For those uninitiated in the ways of Waitrose in Worcester Park, when you complete your purchase at the checkout, you are handed a small green plastic token.
The checkout person will then chant the familiar mantra: "Are you familiar with our charity token system, Sir?"
I am, of course, but occasionally I will feign ignorance and watch the fixed smile fade slightly from the face of the assistant as they explain for the thirty-fourth time that day that:
"You place the token in the box of of your chosen charity, then at the end of the month Waitrose will make a donation to the charities on your behalf"
All well and good. Except that today I ran off with one of my green charity token. It was only when I got to my front door and reached into my pocket to retrieve the house keys that I realised the heinous act that I had perpetrated against charity.
Now I know what it must feel like to snatch food from the mouth of starving orphan, drag a gasping whale further up the beach or pee in the only water supply for an African village. Such was the extent of my crime against charity.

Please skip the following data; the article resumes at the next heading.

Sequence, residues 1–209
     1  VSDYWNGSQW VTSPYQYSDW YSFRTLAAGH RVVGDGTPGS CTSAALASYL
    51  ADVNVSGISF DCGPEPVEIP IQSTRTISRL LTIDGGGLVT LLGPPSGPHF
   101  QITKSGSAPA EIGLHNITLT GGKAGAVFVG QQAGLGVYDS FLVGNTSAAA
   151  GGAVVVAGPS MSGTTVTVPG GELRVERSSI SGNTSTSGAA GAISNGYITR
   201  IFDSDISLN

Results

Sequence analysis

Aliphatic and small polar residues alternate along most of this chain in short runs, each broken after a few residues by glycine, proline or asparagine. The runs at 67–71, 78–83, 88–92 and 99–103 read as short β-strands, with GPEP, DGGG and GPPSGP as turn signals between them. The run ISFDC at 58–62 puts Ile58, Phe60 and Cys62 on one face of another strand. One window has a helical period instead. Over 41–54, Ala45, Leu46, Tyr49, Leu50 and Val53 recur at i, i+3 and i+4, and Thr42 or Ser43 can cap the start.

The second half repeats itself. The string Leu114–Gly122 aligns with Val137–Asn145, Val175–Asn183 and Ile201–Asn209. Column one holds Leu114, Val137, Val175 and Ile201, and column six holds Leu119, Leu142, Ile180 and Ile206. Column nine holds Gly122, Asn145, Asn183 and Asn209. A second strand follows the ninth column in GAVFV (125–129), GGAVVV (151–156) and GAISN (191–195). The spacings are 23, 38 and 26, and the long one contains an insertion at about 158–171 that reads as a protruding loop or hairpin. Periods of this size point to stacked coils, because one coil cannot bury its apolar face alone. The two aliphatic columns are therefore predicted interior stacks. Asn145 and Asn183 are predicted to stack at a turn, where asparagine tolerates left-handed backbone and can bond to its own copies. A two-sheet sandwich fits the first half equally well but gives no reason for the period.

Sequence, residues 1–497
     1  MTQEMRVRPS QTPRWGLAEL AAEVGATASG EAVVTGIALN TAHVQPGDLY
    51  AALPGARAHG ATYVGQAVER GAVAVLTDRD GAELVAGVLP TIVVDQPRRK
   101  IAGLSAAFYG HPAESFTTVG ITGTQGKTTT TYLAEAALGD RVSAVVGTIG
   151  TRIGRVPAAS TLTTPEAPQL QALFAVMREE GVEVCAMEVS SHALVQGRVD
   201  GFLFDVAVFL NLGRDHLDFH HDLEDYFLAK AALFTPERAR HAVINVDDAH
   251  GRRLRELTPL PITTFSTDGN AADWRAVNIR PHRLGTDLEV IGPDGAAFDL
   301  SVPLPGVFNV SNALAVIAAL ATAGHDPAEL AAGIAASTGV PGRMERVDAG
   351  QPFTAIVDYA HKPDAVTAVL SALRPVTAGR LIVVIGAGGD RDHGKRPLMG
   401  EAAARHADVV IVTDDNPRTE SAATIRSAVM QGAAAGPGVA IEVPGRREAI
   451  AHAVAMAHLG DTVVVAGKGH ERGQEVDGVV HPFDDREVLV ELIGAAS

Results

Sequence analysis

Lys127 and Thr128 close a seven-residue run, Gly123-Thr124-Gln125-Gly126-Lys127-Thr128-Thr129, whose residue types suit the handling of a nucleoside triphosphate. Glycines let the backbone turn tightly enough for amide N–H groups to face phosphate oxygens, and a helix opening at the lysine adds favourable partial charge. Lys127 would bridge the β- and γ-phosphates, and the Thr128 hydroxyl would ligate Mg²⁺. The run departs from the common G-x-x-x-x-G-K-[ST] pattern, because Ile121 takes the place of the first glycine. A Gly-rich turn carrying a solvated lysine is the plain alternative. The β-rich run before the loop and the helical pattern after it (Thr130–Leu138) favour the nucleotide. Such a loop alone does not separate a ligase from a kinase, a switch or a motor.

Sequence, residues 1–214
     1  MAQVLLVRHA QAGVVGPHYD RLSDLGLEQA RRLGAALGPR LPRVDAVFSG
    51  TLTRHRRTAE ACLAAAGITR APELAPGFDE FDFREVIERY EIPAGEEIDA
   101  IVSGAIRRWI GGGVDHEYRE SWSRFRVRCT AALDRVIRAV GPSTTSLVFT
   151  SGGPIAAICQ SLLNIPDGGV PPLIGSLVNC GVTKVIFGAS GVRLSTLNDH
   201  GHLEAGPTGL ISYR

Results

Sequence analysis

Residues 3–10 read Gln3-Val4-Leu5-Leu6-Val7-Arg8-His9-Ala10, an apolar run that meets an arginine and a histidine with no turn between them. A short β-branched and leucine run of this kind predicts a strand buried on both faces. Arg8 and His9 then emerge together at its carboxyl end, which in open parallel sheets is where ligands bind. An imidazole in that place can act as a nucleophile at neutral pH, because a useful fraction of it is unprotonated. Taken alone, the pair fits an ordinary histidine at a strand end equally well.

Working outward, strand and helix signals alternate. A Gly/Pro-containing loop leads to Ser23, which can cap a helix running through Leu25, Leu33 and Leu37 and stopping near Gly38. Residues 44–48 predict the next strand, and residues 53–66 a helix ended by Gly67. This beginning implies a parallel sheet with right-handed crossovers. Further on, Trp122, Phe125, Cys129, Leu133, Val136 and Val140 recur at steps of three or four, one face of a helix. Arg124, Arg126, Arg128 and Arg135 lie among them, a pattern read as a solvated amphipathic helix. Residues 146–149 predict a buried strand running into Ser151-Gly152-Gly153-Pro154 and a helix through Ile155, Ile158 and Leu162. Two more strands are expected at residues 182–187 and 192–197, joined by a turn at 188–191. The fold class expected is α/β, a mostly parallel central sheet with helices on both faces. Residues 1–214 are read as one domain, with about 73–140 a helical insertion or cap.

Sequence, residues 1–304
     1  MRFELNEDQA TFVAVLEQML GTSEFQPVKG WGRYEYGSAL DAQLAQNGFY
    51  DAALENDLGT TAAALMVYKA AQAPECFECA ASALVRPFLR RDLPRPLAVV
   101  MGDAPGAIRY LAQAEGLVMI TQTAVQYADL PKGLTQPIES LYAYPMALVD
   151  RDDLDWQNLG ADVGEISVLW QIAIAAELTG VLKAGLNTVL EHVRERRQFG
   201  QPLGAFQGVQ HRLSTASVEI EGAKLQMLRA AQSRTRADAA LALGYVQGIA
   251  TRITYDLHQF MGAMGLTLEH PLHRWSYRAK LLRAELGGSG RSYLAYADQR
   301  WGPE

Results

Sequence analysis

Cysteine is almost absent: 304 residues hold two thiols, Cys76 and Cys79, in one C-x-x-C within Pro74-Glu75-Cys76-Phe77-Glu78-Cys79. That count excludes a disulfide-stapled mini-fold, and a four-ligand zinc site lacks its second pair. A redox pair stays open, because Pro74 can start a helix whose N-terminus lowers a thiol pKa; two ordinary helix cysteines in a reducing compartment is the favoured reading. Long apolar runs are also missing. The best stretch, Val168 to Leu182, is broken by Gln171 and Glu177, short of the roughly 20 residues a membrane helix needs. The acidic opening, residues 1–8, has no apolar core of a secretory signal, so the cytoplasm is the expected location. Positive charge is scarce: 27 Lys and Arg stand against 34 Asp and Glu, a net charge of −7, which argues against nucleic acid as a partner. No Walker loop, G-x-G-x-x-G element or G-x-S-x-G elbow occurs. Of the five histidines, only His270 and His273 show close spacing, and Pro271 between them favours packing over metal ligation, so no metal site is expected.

Oh the guilt, the guilt. Of course I will be returning it on my next trip to Waitrose, but it got me thinking about the odd sport of 'charity choosing' at Waitrose.
There is something strangely compelling about this monthly beauty pageant of charities. This month the Surrey Air Ambulance is whipping the pants off the Worcester Park Brownies (only metaphorically, thank goodness) and Victim Support Merton aren't doing very well either.
Presumably this is because the middle-class folk of Worcester Park care little about having their shoes shined and wouldn't even dream of going to Merton, let alone being mugged there.
The three charities change every month, and so begins another fascinating window into which causes the middle classes of Worcester Park hold dear.
Now, remind me to return that token next time I go. If the air ambulance runs out of fuel then I wouldn't want that on my conscience.